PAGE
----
I’m thinking of abandoning Office365

I’ve started thinking of abandoning Office365, and what I would need to do in order to replace what little remaining functionality there is.

  • Outlook design is too flat, and even the Outlook.com web interface is richer, with more contrast, colors and just as easy to work in. (In fact easier since it’s way much faster in responding)
  • Using contacts in Outlook 2016 is horrible, the old dialog box for adding details is gone, replaced with some flat strangeness, and even more important, to add pictures to my Outlook-contacts I still need to edit contact details through a web browser.
  • Beyond Outlook I’m mainly using OneNote. The rare few times I use Word and Excel are easily counted. And OneNote is free.

That leaves OneDrive as the key factor for safekeeping all my photos and documents. And while I could place them on my NAS the whole point of OneDrive was to have them roaming, available anywhere and safe offsite in case anything would happen to my home computers.

I’m thinking whether any other service could replace this, on the other hand that would mean I’d need to pick and choose software all over again, when all I wanted was one working bundle. But when the bundle goes in the direction of working less and less as needed it gets slightly frustrating.

I’m not sure it will happen yet, but it needs thinking about.

And there is still at least one glitch in a complete move to web-only, in that Outlook.com doesn’t support having contacts in iCloud. Which would mean I’d need to migrate entirely to iCloud email as well, which is really too much work in the way of updating my contact information across all places where I’ve used it.

Office 2016 was released today

Office 2016 was released today and I didn’t have the patience to wait for any automatic upgrades to kick in, so I logged in to my account page and launched the installation from there (with the added benefit that the page finally updated itself to show correct OS-version, previously it kept insisting I was still running Windows 8.1 even though I upgraded to Windows 10 as soon as it was released).

So far there’s not much to say, installation worked smoothly, launching Outlook and OneNote with retained settings and, well… if not the color schemes I had hoped for, then at least more color and more contrast.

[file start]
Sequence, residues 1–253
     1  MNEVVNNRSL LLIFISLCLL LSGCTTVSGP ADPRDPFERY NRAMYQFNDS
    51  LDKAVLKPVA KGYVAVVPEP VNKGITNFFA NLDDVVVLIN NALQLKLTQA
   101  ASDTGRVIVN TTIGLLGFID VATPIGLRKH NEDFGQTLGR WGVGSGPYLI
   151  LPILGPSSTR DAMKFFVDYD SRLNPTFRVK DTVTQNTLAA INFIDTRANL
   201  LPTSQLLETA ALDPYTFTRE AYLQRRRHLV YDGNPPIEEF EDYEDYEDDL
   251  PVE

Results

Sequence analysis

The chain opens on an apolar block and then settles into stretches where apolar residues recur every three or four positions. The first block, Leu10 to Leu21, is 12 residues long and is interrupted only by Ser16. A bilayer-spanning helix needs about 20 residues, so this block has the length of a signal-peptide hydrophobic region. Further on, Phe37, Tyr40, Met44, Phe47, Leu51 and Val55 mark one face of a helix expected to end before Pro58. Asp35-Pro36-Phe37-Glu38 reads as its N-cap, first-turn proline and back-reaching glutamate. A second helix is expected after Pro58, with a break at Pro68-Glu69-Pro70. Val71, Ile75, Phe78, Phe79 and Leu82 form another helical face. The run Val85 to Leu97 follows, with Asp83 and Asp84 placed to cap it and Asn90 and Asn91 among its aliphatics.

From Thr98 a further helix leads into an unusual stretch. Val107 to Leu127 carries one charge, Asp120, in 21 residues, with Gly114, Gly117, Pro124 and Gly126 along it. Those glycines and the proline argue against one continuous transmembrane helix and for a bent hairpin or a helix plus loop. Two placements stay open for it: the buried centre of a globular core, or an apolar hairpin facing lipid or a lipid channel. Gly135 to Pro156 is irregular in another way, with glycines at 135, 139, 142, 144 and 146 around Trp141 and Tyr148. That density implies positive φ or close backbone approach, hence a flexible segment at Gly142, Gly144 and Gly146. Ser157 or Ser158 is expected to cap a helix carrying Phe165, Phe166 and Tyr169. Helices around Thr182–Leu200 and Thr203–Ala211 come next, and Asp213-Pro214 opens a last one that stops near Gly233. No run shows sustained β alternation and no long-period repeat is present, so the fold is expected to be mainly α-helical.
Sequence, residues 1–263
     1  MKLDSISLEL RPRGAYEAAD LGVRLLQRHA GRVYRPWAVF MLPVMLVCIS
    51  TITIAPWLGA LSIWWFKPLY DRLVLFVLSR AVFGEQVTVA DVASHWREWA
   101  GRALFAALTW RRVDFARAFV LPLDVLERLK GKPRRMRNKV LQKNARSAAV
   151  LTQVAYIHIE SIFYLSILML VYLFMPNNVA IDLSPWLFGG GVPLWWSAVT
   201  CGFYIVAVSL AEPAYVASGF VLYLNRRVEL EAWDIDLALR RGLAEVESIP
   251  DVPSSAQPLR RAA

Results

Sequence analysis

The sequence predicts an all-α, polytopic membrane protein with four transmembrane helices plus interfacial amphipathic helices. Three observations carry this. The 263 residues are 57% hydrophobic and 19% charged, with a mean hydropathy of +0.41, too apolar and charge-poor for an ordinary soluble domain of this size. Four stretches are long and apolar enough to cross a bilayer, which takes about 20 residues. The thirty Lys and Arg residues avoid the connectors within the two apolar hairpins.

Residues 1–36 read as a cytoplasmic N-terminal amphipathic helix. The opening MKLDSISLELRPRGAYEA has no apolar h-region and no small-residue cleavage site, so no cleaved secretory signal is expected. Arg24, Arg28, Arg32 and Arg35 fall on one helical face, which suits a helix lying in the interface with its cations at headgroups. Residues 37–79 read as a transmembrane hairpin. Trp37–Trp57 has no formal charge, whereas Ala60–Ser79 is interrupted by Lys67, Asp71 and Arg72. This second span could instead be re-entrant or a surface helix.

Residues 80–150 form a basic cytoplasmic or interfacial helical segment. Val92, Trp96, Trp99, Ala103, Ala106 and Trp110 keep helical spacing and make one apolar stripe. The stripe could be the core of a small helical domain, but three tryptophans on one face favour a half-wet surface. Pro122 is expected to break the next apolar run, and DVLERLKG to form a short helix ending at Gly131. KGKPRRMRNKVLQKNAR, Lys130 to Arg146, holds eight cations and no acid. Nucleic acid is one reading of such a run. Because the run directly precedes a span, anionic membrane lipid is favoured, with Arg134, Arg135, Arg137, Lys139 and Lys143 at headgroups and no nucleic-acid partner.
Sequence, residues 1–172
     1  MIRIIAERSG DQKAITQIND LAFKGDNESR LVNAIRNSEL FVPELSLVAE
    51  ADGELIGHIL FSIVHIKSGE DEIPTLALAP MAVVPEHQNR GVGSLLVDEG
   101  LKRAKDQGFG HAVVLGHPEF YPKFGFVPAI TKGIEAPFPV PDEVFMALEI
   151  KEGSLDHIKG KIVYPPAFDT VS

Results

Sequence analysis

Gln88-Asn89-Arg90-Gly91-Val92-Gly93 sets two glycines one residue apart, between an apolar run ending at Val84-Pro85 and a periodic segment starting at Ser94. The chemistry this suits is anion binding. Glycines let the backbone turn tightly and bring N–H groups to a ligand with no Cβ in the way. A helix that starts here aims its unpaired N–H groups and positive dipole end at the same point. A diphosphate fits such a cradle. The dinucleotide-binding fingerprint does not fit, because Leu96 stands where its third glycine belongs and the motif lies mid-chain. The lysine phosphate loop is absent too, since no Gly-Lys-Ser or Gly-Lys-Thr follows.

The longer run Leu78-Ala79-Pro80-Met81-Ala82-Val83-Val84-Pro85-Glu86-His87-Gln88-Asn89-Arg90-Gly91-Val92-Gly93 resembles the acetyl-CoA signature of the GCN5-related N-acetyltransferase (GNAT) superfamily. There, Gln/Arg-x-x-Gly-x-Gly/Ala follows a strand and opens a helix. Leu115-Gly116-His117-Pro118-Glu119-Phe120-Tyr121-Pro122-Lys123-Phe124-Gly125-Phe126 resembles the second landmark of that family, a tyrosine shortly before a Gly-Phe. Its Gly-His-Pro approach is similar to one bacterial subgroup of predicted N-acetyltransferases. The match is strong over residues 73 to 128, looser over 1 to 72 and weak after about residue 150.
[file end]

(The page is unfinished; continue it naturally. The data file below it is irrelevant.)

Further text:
Beyond that I’ve yet to experiment with the new online apps which are not downloaded, namely “Sway” and “Docs.com” which are linked from the Office365 homepage.

Sway at first glance looked like an enhanced Powerpoint-meets-Wordpress storyline kind of thing. Quite nice and possibly something I’ll test out more later on.

Docs.com I’ve still to understand what it really is, it requires a separate registration, so is it part of Microsofts Live.com or not? And it offers unlimited free space, how does that compete with OneDrive, and if it’s true what use do I have for a paid Office365 subscription? But I don’t think it’s actually free, few things are and they often come with commercials and ads instead, and then I prefer the small cost of my subscription.

But I still want more color schemes. (Preferrably the dark red one from outlook.com!)

Surface reflections

I’ve had my new Surface RT for nearly two weeks now and despite my best wishes to make it work I am about to give it up, as currently the feeling I get when trying to use it takes me back some 20 years to the early start of using Windows NT 3.1. Sure we ran the most secure PC of that time at the time of its release, but as we couldn’t run much more than Notepad there was little point to it, and the same goes here as OneNote, one of the few working apps, is really nice, but from functionality perspective I would compare it with a notebook app.

I won’t go as far as some friends (also testing Surface) suggested, as to donate it as a discus in the next Olympics, as for the time being it seems to serve well enough for children’s games, and I could sneak it in as a new toy for my daughters and re-conquer my two Windows 7 desktops…

There are several shortcomings as I see it but the overall greatest lack so far with the Surface is its lack of simplicity, user friendliness and total lack of apps.

It’s not going to compete with the iPad as long as it has no apps, and it will remain less than a normal PC since it can’t run standard x86/x64 applications either.

That sort of leaves it running OneNote, which is great but can quickly be replaced with other apps like Evernote (which incidentally takes less hassle to configure), running a few games, read some email and browse the web. All of these can be done on PC, iPhones and iPads as well, so there’s not really anything new.